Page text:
Tag Archives: teacher

No Experience is Ever Wasted

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no experience is everl wastedNo experience is EVER wasted.  In no other profession is this more true than in teaching.  But there are two caveats to that statement.

First, we have to be willing to learn from the experience.  No matter how frustrating or unfair the circumstances seem to be at the time, our challenges will help us grow only if we are willing to learn from them.  Sometimes we learn things we never even wanted to know.  But in every experience there is something to learn.

Second, we have to be willing to share our failures with others.  Why let our personal setbacks teach only a personal lesson?  In no other profession can a setback be such an opportunity for learning. Being a teacher puts you in the perfect setting for helping others as a result of your past challenges.  But you have to be willing to share.  You have to show your students your vulnerabilities.

My experience has taught me that most young people think their parents have never made a mistake. That’s too often what we want them to think.  But we teach our children the most when we allow them to know that we have made mistakes.  We have survived those mistakes.  We have learned from them.

When I taught urban kids, they believed that a teacher knew nothing about real life.  Ha!  I have not lived a charmed life…far from it.   Parts of my life have been embarrassing.  I’ve failed plenty.  I’ve faced challenges and painful experiences that no one would choose.  In fact, my past six weeks would provide material for a dramatic documentary.  No vampires were involved, but this time period has supplied me with just about every other beast of a problem you could imagine.

Here’s my challenge for you for this week.  Help someone who needs it, by sharing one of your failures or painful experiences from your own life.  If you are a teacher, you won’t have to look far.  One of your students is right now walking in shoes you have filled at one time in your life.  Most times they won’t reveal their challenge to you until you have been brave enough to share your own with them.

Mission Possible:  Your assignment, if you choose to accept it, is to change someone’s life by revealing your own human experience.  (If you are old enough, you will hear the Mission Impossible theme music playing in your head right now.  If I were just a little younger, I could probably figure out a way to insert it into this blog post).  No matter what your age, I hope you are brave enough to accept this challenge.

TEACH...To Change Lives

TEACH…To Change Lives

Available autographed or in large quantities from the authordauna@cinci.rr.com

Also available at Amazon.com

Contact Dauna Easley to speak to your group:  dauna@cinci.rr.com

If I Were the Boss

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the bossIf I were the boss of the school, I’d give myself a fancy chair,  It would be tufted, comfy and it would swivel.  Since I’m posting this piece the week of Valentine’s Day, let’s make it red.  It’s my fantasy so I can call the shots.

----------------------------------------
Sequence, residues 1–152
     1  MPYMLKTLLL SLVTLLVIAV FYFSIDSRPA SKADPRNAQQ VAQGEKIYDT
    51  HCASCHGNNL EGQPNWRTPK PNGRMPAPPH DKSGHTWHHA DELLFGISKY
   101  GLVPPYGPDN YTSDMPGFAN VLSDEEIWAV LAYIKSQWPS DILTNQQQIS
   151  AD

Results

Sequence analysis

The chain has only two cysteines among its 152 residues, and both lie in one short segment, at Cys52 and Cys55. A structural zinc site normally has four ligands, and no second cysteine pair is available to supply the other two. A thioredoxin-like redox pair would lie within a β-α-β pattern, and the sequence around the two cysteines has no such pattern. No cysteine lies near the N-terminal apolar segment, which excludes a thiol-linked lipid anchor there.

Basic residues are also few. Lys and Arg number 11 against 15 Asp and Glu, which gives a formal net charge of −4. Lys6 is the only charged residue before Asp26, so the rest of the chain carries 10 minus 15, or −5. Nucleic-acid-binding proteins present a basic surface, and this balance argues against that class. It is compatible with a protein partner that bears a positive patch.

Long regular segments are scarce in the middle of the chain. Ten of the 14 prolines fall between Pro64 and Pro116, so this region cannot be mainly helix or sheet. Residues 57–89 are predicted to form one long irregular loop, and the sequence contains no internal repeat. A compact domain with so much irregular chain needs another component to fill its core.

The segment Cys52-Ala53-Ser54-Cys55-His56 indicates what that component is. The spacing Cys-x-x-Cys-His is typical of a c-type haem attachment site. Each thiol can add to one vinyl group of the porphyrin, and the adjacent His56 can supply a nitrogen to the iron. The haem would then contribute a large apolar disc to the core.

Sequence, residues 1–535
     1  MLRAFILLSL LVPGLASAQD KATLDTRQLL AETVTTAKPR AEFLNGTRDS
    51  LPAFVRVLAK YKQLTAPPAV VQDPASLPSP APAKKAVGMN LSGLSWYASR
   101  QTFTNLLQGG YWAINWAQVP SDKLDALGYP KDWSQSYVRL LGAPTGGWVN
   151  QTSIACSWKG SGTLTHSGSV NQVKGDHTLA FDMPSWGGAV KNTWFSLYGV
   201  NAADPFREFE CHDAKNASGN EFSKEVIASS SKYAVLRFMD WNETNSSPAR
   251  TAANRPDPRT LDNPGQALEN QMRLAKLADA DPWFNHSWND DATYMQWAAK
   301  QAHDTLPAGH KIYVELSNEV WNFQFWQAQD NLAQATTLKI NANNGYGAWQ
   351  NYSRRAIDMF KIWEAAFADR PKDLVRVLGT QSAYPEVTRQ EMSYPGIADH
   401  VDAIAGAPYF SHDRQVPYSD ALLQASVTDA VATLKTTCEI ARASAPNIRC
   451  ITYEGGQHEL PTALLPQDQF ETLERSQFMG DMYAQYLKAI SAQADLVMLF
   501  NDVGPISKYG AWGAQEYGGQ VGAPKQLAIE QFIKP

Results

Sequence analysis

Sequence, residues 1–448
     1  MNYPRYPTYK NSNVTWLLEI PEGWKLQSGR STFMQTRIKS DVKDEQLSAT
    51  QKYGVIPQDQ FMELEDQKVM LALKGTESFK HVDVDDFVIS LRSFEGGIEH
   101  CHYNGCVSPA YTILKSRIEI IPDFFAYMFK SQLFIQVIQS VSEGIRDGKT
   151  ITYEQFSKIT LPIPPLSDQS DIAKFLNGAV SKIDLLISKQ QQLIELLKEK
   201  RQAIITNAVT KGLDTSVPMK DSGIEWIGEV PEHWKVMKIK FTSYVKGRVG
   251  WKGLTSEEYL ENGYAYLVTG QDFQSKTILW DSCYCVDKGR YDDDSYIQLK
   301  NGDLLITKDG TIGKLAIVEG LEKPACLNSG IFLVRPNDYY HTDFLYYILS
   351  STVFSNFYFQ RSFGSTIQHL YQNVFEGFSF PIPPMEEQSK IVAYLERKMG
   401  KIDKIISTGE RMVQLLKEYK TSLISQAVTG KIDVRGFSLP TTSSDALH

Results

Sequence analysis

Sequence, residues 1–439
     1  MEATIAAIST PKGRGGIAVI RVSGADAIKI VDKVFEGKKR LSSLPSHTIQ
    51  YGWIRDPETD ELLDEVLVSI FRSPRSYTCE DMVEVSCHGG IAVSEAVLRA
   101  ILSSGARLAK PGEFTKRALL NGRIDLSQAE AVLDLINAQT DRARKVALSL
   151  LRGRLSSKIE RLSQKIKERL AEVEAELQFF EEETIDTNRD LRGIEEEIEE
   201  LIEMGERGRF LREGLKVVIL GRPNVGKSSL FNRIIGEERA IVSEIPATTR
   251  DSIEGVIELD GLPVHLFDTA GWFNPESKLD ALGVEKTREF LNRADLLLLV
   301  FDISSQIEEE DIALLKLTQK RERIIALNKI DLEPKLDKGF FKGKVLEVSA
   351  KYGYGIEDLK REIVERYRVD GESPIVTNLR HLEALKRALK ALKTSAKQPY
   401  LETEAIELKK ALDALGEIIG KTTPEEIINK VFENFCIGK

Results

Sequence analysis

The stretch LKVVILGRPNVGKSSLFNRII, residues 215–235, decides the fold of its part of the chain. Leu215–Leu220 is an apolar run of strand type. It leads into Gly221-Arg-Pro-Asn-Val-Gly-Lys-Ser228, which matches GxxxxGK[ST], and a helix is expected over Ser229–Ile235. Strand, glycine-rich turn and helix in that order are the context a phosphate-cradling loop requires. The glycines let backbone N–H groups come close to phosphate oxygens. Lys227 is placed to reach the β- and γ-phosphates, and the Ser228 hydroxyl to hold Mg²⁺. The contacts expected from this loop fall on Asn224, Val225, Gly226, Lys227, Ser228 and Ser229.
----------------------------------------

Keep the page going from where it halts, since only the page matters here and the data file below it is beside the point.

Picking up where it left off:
Those of you who read my blog regularly know that I have been through one of the toughest times of my life this past month.  You know what helps me when times get tough?  I like to focus on good things.

So today I’m going to focus on the good qualities and traits of some of my former school administrators.  We all are a sum of our traits, some great and some areas where growth is needed.  Today I’m focusing on some of the best things that principals and other administrators and supervisors in the educational setting have done to encourage me while I was in the classroom.

Sit back in my red swivel chair and relax while you read my true stories.  Maybe you might even want to share it with your boss.

The very last school district in which I taught full-time, I had a superintendent named Kathy.  This district was quite large.  It had 4 early childhood buildings, 10 elementary buildings, 4 junior high buildings, 2 freshman buildings and 2 high schools.  The district had an enrollment of over 16,000 students and I don’t know how many teachers.  This superintendent did not interview me for my job, but knew my name, face, and what I taught from the day I walked in the door on my first day of employment.  Wow.

Whenever she would pass me in a hallway she would greet me by name.  She was upbeat and positive.  Since I taught one of two Teacher Academies in the district I invited her into my classroom to be interviewed by my students who were all future teachers.  She came willingly and answered all their questions fully.  Later a group of Middle Eastern future school administrators were traveling the country and wanted to interview her.  They were astonished a woman could lead a district so large. She asked if this could be done in my classroom so my students could also take advantage of the experience.

Whenever I wrote an article that appeared in an educational magazine she would drop me a note complimenting the piece.  I was in awe of her professionalism and consistent encouragement.  I have to admit, if I were the boss, I could never achieve her ability to know everyone by name and face.  I struggle mightily in that area.